Cosmo 0.7 Backend Change Proposals
The following list is ordered by importance to 0.7, with the items at the end really being post-0.7 nice-to-have features.
Time Range Index/Query Refacoring
Currently Cosmo expands recurring events and indexes each occurrence. The advantage of this is that it makes time-range searches very fast as the expansion is only done once, at creation time. But, this can result in a ton of data indexed (slow event creation/update times) and it means Cosmo can't really handle infinite recurring events really well. The hack to handle recurring events with no end date is to only index instances up until the end of 2008. This means if you use Cosmo UI and fast forward a couple of years to view your event in 2009...sorry out of luck.
Can we solve this by clever indexing of recurring events so that we don't have to expand them? Probably not, because Cosmo currently supports arbitrary recurrence and exception rules (as defined in the icalendar spec). But we can come up with a hybrid approach.
We determined that we can't really index each recurrence because there can be infinite recurrences. Instead, the index for an event can look like:
| index column || purpose |
| dtstart || Indexes the start date/time of the event (DTSTART) in either UTC or floating date/time |
| dtend || Indexes the end date/time of the event (DTEND) in either UTC or floating date/time. For recurring events, this will be the end date/time of the last occurrence. If it is an infinite recurring event, then the value will be a constant date/time that represents infinity (something like 30300101) |
| isFloating || true/false if the event is floating or not |
| isRecurring || true/false if the event is recurring or not |
This means there will be a single index row per event.
The algorithm for a time-range query would look something like:
- Use time range index to retrieve all events that may occur in the specified range. This is a first pass, and we can't return this list because there may be recurring events that may or may not occur.
- For each event returned in the initial query, prune recurring events that do not occur in the specified time range. This means for each recurring event in the returned set, expand the rules/exception rules/ etc and if it is determined that the event does not occur in the time range specified, remove from the list.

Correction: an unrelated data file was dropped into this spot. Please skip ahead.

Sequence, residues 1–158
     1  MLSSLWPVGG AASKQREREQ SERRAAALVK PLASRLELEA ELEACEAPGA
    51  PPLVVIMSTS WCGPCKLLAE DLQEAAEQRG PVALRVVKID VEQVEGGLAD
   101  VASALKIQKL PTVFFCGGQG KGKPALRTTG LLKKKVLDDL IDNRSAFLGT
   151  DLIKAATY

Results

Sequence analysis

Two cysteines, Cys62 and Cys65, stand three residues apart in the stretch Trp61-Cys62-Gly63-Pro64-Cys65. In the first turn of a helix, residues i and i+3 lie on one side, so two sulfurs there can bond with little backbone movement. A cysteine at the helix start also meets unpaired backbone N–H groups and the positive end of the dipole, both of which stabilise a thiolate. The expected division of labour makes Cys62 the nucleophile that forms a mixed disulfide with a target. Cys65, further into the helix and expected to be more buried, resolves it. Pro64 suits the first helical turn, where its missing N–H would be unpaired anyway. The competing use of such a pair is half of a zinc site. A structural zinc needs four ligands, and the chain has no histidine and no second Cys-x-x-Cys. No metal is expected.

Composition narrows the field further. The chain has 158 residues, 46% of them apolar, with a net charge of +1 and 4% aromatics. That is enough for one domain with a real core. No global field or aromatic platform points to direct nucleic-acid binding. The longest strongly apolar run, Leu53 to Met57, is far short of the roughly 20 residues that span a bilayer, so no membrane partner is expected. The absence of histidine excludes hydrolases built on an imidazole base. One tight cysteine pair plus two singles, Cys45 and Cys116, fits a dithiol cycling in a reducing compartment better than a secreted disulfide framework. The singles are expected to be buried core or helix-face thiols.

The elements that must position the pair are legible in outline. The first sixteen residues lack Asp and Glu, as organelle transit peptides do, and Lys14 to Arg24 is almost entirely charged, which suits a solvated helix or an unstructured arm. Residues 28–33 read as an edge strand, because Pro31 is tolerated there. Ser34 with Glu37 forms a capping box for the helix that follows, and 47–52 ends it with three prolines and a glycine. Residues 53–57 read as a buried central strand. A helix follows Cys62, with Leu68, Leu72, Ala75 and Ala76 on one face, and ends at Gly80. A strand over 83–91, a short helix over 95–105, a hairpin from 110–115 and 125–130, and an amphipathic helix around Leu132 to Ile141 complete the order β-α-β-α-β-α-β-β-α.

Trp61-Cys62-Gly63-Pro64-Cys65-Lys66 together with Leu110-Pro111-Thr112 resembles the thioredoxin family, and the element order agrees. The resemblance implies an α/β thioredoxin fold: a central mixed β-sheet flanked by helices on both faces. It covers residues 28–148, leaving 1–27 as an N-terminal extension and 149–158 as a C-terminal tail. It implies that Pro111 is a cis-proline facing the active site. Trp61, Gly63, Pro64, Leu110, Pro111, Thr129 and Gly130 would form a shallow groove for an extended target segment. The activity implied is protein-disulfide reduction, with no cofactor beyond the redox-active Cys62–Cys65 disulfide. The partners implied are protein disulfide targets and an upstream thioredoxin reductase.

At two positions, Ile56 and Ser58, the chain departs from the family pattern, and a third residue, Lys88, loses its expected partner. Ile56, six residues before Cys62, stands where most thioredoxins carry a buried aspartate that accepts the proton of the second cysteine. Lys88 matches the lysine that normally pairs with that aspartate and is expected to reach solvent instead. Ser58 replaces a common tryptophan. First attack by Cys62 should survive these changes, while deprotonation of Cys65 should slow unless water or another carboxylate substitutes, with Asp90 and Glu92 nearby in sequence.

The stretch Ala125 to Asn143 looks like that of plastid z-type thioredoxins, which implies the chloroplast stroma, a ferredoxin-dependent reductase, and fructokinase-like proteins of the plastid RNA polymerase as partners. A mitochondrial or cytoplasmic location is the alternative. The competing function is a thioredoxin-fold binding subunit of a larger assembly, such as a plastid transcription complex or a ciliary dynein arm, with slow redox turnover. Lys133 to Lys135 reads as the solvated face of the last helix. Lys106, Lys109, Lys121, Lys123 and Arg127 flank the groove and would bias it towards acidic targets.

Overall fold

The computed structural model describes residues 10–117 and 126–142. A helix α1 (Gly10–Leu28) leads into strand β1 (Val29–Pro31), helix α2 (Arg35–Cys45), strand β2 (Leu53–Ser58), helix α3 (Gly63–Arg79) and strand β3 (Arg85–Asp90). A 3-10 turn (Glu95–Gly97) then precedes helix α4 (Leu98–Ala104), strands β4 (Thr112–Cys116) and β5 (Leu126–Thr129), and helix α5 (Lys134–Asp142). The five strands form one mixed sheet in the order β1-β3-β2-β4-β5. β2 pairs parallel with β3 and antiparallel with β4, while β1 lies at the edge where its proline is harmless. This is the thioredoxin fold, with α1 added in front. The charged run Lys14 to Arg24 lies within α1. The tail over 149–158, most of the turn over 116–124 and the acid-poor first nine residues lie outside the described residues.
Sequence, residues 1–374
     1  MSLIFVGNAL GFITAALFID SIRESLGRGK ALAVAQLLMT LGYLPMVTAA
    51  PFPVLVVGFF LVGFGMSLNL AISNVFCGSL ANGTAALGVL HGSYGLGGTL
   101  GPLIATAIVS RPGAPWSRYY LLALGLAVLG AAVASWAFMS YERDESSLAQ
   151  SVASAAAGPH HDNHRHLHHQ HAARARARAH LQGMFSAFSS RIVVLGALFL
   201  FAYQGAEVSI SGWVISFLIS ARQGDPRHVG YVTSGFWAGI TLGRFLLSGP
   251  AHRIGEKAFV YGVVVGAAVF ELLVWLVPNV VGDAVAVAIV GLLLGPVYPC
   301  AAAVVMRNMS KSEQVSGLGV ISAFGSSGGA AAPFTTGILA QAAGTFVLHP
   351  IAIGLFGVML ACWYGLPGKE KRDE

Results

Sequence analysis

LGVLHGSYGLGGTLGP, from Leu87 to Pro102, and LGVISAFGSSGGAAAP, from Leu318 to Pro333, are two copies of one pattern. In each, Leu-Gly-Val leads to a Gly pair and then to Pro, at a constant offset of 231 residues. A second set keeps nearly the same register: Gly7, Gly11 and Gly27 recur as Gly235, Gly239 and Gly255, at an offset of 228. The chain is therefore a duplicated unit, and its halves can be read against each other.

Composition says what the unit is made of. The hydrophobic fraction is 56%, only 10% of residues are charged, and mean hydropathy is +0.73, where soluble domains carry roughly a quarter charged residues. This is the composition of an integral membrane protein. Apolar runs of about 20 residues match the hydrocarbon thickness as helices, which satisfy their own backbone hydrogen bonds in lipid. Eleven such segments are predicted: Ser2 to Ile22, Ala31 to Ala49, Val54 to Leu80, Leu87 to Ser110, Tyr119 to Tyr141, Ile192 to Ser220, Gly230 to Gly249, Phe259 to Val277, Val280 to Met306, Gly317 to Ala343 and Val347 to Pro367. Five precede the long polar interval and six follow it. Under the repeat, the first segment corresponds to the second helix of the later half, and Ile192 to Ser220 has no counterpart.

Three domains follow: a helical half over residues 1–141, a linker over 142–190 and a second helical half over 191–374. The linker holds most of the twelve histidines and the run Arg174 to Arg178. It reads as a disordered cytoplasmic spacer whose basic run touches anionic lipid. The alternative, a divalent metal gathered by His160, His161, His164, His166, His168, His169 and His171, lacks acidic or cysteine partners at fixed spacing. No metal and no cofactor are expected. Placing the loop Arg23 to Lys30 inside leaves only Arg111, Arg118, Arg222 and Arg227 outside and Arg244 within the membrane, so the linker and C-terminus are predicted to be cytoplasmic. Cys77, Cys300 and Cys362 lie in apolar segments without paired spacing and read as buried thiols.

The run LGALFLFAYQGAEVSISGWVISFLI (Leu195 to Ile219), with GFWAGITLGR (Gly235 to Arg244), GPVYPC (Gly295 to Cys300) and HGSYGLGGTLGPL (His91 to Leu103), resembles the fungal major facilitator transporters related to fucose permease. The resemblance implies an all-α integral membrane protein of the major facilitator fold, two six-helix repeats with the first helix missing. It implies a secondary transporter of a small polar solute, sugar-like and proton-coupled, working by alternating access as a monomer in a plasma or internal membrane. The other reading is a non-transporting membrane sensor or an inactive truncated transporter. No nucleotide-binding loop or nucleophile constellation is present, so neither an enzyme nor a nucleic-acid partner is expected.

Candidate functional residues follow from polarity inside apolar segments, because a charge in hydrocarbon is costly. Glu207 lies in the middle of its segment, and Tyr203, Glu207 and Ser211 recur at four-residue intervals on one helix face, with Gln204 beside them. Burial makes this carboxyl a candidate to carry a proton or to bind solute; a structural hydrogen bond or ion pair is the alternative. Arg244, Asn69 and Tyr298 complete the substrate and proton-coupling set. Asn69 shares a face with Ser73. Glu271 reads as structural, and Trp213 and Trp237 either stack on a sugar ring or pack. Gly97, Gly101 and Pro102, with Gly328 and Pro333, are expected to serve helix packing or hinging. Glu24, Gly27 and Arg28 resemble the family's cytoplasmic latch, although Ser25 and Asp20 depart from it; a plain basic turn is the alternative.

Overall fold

- Return this pruned list.
The first thing to notice is this algorithm will be slower than the current time-range query algorithm because of the expansion that has to be done on the fly. But, creation/update times will be faster and we may be able to help increase query times by clever caching.
Performance and Scalability
Due to all the recent model changes, we need to spend some time examining server performance. This includes first coming up with a set of metrics to measure performance and then some time testing to determine bottlenecks/problems and time to fix these problems.
Tweak Item/Collection Security
Currently Item authorization is based on the owner or the item or if you have a shared ticket that includes the target item or collection. With items in multiple collections, we have run into problems with this model. What happens when I copy an item with access X to a collection with access Y? Currently, the item inherits both sets of permissions based on the ticket used. This results in an interesting security hole that needs to be worked on. Ideas have ranged from per-Item access to item soups segregated by user.
Event Persistence Re-factoring
We are currently persisting events by storing the .ics. This has the advantage of easily supporting arbitrary event data as long as it conforms to RFC 2445. This works great for caldav, but because of Chandler's data model, Cosmo ends up persisting event properties multiple times. Examples are item.displayName is the same as event SUMMARY and note.body is DESCRIPTION. So every time the note body or item displayName is changed, the note has be checked for an EventStamp?
and if one exists, the .ics has to be updated. It becomes a bigger problem with displayAlarm, which is stored in the .ics too. This means we can't really store a displayAlarm for non events (currently we use note.reminderTime).
For 0.7 we may want to change the way events are persisted to be more closer to Chandler's model. That is, event properties are stored as item properties. The downside of course, is that it becomes more difficult to support full icalendar (properties that Cosmo/Chandler don't use, x-props, x-params, etc).
Currently, all application logging is done at the request level by Tomcat and stuffed in log files. It would be nice to log all sorts of stuff at the service level, into a database table. That way, the data is centralized and can be manipulated easily with SQL queries. The next step would then be to add in some reporting functionality in Cosmo.
Cosmo can provide more management functionality using JMX. For example, create an MBean that shows meaningful statistics, or provides useful management functionality (need to define what this is).
Another useful feature would be to add in system-wide notifications. For example every time a collection or event is created/updated, a notifications could be broadcast. There could be a simple plug-in architecture for notification listeners so that notifications could trigger things like "send me email when X is updated". We could utilize a messaging standard like JMS.
Currently, you have to create an account on Cosmo to authenticate. It would be nice to allow other types of authentication including SSO (single-sign-on). A Cosmo user would still have to be created and linked to items/collections/ but this user would get created automatically upon successful authentication with another system.
- 27 Mar 2007